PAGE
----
In general, I'm not a big proponent of listening to your heart, or inner voice or whatever mushy Jiminy Cricket-esque rationale we piece together from 80's hair ballads whenever we want to justify doing something stupid. This dilemma, in particular, cannot be addressed using emotions, because there is way too much emotional and social baggage associated with moms who work outside the home. Luckily, you've made my job easier. If you are excited to get back to work and it is financially worthwhile, you should go back to work.
The guilt you are feeling isn't coming from your inner voice; it's coming from your inner neighbor. She's the nosey busybody that saunters over to talk about how your other neighbor down the street must be having marital problems because the grass hasn't been cut. Then she casually mentioned how surprising it is that your child isn't walking yet because her child walked minutes after birth like a suburban Secretariat. You've internalized that woman and she thinks that only poor women and bad mommies work.
Your inner neighbor is part of a shrill minority that believes that mommy knows best, so if baby isn't with mommy, then baby isn't getting the best. These people must be stopped. Let me go on record by admitting that I am fiercely competitive. I inherited that trait from my mother, who I swear tripped me the first and only time we ever engaged in an ice skating race. I don't fault her. It taught me a valuable lesson. ("It's easier to win a race if your opponent trips and leaves a trail of bloody knee tracks on the ice.") The point is, I don't accept mediocrity. If I'm going to do something, then I'm going to be the best. With that in mind, recognize how difficult it must be for me to say this and how important it must be to understand: I am not the best at doing everything my children need.
Here is a brief list of all the things I'm not the best at:
- I can't name the parts of a flower or explain what makes them grow. I think it's some sort of elf snot and "Brawndo."
- I can't watch an entire episode of "Mike the Knight" without making sarcastic and hateful comments about dragon encephalitis.
- I can't share.
- I can't teach someone how to tie their shoe laces. Apparently there is a fox involved, but I'd rather teach the Shiftless Babies to say, "Loafer, please."
So a child that spends time only with me is going to be missing some crucial experiences, although she will know how to shuffle a deck of cards and which sushi place has the best spicy, crunchy tuna roll.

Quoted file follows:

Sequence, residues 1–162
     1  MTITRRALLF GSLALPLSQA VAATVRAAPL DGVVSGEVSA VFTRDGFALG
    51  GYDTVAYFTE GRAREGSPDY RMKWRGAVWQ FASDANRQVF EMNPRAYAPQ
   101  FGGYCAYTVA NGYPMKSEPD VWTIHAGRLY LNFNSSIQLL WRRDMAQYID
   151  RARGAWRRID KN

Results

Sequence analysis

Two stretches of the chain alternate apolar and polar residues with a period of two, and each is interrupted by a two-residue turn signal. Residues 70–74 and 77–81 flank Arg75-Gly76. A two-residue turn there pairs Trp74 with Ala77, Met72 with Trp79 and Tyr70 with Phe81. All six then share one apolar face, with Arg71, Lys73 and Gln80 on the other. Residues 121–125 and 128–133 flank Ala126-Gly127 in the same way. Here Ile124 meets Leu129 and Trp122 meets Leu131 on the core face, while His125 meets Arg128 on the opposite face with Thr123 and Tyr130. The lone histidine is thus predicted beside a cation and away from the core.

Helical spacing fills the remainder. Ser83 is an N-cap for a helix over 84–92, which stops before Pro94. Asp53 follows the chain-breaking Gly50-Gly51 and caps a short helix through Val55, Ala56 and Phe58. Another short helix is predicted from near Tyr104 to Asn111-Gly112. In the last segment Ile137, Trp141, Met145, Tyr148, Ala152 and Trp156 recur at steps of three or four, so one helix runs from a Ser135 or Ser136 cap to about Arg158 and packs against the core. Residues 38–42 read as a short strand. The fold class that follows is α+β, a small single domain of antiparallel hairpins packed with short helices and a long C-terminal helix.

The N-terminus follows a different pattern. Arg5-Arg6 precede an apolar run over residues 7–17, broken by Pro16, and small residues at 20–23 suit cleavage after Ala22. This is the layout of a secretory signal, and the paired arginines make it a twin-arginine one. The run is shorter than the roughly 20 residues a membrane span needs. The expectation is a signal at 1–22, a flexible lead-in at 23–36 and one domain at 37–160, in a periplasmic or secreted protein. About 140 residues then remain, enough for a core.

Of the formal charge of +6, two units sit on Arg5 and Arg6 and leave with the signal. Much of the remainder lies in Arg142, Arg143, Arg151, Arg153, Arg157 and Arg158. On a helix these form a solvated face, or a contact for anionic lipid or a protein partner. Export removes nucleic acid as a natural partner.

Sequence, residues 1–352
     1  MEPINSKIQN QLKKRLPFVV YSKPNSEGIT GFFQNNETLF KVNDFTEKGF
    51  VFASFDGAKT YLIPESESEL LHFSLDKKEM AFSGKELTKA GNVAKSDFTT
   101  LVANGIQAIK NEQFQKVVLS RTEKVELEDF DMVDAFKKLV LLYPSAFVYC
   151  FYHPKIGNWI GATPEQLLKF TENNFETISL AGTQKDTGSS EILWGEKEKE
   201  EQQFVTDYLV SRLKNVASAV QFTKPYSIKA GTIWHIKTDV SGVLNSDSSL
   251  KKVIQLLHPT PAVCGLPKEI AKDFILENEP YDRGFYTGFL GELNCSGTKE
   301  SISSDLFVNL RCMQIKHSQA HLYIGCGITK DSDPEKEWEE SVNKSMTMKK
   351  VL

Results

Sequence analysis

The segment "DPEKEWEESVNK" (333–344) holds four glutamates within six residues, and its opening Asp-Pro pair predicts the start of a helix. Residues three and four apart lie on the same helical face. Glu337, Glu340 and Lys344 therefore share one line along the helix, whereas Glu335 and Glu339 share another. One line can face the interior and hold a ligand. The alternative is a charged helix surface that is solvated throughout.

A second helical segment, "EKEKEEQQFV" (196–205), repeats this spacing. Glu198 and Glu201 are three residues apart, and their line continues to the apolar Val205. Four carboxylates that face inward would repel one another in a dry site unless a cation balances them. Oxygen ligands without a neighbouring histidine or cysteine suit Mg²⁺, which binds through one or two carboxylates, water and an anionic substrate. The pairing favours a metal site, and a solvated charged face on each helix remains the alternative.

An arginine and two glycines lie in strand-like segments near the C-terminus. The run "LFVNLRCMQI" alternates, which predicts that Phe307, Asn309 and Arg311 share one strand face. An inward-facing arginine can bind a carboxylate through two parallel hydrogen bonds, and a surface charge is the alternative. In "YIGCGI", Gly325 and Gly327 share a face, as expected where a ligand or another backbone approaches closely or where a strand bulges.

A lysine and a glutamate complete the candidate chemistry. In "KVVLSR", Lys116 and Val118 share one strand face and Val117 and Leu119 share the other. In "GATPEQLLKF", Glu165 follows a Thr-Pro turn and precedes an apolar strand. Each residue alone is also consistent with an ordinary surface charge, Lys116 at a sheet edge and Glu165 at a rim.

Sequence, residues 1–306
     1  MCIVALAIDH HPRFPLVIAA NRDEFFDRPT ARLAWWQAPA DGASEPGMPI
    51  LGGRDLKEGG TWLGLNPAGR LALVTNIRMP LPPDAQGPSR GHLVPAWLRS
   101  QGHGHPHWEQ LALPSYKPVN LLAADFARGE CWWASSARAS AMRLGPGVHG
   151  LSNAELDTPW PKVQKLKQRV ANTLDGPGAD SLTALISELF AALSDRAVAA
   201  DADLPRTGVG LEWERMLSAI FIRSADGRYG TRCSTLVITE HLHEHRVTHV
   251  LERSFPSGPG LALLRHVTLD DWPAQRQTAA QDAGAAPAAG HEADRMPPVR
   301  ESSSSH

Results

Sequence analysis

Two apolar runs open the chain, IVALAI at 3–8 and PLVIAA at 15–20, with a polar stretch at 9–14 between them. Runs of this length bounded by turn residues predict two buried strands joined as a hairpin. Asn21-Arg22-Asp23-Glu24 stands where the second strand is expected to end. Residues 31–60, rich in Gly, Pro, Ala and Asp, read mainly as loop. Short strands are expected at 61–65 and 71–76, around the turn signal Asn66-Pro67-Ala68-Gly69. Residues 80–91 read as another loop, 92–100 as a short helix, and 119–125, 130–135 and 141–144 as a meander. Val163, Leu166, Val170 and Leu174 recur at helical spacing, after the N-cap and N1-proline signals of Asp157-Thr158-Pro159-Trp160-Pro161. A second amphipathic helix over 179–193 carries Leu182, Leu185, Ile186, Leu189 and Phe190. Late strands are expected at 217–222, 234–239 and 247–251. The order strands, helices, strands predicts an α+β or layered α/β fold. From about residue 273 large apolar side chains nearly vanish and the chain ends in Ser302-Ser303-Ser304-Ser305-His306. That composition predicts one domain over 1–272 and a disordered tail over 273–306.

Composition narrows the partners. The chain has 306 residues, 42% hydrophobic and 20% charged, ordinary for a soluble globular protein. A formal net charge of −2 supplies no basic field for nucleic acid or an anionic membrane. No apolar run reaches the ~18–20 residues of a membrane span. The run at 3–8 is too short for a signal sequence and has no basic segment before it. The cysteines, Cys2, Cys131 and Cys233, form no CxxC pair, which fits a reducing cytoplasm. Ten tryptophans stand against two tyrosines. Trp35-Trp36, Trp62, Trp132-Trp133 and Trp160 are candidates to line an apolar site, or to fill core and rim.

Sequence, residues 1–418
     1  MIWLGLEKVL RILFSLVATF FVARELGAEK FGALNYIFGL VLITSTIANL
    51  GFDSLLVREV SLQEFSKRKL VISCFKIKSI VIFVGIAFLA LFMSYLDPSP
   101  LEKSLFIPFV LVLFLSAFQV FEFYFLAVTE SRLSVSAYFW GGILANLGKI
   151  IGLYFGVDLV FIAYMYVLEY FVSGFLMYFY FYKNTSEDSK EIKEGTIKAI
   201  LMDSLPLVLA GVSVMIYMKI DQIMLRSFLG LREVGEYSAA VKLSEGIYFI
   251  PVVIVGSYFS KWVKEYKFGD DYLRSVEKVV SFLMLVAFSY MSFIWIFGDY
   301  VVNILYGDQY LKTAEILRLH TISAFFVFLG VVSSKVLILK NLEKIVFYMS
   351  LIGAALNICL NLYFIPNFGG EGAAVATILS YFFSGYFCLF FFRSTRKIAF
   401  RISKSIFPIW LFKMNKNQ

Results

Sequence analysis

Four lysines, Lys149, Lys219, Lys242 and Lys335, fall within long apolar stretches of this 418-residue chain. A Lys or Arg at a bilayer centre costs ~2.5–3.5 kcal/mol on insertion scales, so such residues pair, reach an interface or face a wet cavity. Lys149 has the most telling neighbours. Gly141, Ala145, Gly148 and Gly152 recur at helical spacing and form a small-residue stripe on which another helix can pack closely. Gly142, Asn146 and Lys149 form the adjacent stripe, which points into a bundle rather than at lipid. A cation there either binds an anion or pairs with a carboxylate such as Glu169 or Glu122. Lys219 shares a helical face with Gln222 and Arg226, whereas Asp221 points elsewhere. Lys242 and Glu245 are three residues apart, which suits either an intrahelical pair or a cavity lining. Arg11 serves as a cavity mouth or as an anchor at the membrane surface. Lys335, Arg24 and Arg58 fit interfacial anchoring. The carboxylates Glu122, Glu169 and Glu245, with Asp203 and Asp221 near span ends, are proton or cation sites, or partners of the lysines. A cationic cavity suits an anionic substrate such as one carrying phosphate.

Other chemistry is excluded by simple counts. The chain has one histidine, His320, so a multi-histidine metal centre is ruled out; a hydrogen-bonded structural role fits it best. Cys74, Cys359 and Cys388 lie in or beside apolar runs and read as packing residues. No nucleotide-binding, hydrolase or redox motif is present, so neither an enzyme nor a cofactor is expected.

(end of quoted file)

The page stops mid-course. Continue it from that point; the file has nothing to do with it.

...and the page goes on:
|The Downside of Attachment Parenting|
When I was pregnant with Shiftless Baby 1, I read a book about attachment parenting. (It's a pretty famous book that you have probably read and I refuse to mention. I don't own it anymore. I could feel its judgmental eyes on me while I slept.) The book said something to the effect that mothers should never feel that someone else could take better care of their children. That is a load of sentimental horse manure, out of which grows only guilt. (I do know what makes guilt grow.) There are definitely people who can take care of children, including my own, better than I can. That doesn't make me a bad mommy and I'm not going to delude myself into thinking 1.) that I'm just as good at it as they are or 2.) that I prefer taking care of my children to working.
I'm not into conspiracy theories, but I can't help but wonder whether this "Mommy Does It Best" attitude is a sneaky way to get out of subsidizing childcare and ensuring fair pay. If children are better off being in the home, why should the government subsidize something that is sub-par? Plus, it allows society to create this "Cult of Motherhood" where women are prized for their childrearing skills and rewarded with gifts and platitudes once a year. I always get nervous whenever someone pontificates on the honor and dedication of a job I have to do. I can't imagine CEO's and Presidents get that kind of pep talk. They don't need to hear how valuable they are because they know their net-worth...in money...which is a currency that can be exchanged for goods...I can't buy a latte with filial devotion.
If you want to work because that makes you happy, for love of Jeebus, please work. The world does not need another generation of children raised by resentful, bored, passive-aggressive mothers. It doesn't mean you shouldn't have had kids anymore than not wanting to rebuild an engine block means you shouldn't drive. You cannot, and should not, be all things to your child. People are educators, clinicians and childcare providers for a reason. They are good at. They have training. They are held to a public and professional standard. They might not do everything the way I would do it, but unless they are particularly egregious, I'm going to let them do their jobs and they are going to let me do mine.
Now that the torture of exams is subsiding, I'm back with Yeah Write. I can't wait to read all the great blogs I have been missing as I wallowed in privity and...dear lord, I've completely forgotten Contracts. Oh well. Head over to Yeah Write and check out the great writers.